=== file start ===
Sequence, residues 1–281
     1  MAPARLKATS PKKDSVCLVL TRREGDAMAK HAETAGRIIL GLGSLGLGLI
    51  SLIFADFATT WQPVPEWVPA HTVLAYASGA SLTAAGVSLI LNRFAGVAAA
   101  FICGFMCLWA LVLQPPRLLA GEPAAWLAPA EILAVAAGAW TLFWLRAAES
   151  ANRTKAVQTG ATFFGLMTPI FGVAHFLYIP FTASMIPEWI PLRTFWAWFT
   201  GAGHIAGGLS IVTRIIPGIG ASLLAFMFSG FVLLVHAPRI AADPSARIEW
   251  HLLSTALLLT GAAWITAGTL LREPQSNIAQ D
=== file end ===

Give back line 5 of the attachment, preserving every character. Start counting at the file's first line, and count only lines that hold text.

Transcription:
   151  ANRTKAVQTG ATFFGLMTPI FGVAHFLYIP FTASMIPEWI PLRTFWAWFT